message 6: by Yashie (new)

Yashie thank goodness you thought the translation abominable: I look forward to reading the book in the original. I enjoyed the film!


Aslihan +1 (completely)


Robert Hoogstad Vastly overrated.


message 9: by Elaine (new)

Elaine Humphreys I have tried to read this book...twice, and gave up both times. It was slower than wading through treacle and I found myself uninterested in the outcome. I am an avid reader but this left me stone cold.


message 10: by Ian (new) - rated it 1 star

Ian You may be my long lost brother. You are absolutely and completely correct.


Richard I don't know that the point was that we were ever supposed to agree with Prado's pontificating. The main message I took from it was the folly of over-thinking life. It's a good antidote to an overly melancholic approach to life (in the sense of the 4 classical temperaments). I didn't mind it, but I read it only in short bursts over a couple of weeks, and didn't try to understand Prado when he became impenetrable - I just took it as a sign of his madness. I can fully get your point though - Prado was profoundly irritating and conceited.


Theresa I read the whole book thinking I would eventually understand what the fuss was about. Nope!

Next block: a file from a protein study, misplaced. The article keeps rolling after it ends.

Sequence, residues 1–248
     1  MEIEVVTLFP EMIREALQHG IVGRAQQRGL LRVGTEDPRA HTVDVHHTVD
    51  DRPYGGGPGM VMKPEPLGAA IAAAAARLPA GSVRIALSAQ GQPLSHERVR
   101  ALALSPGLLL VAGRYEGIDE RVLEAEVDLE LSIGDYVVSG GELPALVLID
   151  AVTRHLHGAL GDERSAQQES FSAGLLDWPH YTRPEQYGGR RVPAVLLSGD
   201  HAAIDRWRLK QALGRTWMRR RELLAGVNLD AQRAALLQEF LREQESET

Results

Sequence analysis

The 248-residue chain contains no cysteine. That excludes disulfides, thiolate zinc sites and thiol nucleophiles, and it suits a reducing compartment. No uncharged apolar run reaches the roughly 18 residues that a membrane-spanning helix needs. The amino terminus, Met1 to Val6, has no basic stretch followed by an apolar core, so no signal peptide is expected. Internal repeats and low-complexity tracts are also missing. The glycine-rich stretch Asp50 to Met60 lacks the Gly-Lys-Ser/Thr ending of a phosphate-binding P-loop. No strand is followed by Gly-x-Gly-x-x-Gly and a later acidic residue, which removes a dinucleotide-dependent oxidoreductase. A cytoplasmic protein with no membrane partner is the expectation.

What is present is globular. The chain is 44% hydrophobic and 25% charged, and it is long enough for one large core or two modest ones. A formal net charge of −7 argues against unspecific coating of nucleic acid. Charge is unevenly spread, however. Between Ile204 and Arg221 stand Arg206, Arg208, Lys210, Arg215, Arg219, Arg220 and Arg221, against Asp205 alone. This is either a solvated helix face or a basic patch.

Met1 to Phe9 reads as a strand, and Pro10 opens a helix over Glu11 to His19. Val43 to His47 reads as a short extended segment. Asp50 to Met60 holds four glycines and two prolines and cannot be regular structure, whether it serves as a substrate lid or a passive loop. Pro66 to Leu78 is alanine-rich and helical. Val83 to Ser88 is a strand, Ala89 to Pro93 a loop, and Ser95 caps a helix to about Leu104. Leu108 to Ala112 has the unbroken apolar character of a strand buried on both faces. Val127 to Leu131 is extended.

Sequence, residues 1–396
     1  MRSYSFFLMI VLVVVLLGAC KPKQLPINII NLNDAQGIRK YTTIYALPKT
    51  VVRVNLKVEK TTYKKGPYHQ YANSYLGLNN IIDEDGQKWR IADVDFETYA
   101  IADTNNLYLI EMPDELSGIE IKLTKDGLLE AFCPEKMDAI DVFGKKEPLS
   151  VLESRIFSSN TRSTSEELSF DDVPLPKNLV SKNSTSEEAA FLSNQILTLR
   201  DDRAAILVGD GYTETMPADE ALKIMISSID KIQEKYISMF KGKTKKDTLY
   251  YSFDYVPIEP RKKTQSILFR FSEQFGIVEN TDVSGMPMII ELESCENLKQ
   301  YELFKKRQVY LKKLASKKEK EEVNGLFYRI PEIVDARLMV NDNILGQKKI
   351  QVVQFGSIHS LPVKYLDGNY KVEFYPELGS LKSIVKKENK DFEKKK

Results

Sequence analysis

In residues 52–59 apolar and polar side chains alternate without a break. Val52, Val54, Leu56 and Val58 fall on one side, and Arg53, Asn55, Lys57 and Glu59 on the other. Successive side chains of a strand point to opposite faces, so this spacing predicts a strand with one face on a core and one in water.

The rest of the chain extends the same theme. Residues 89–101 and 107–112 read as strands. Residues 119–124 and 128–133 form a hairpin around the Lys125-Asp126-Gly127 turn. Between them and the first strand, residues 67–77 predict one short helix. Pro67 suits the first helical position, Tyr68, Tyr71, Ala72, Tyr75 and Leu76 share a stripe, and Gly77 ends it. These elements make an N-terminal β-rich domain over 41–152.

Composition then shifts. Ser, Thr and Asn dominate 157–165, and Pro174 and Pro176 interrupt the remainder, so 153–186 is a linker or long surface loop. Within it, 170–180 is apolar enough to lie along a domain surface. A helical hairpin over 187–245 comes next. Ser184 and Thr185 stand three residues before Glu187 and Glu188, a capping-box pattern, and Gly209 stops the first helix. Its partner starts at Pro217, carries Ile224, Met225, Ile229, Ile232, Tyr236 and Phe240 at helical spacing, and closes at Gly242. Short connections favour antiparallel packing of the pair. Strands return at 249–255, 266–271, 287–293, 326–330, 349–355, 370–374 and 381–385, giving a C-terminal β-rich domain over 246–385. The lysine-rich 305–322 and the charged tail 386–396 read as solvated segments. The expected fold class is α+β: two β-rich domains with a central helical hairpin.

message 13: by Cassie ♥ (new)

Cassie ♥ Thank you for your review. I hate it when I read hype like "Europe’s biggest literary blockbusters" only to end up reading a whole book and coming away frustrated. Thank you for your honesty. Also, thank you to the 52 people who liked your review which tells me you are not alone.--I'm not going to hit like as I have not read the book---nor after reading your review will I!!


message 14: by Leftbanker (new)

Leftbanker I can’t believe that this book was popular. I couldn’t make it past the first over-written and pretentious 100 pages. That part about how one man read and wrote Greek perfectly and although he went to the theater often he didn’t really get Greek drama. As if scholarship is some hyper-elite club that only the select few can enter.


Starlo This review echoes my own experience entirely! Well said Sir!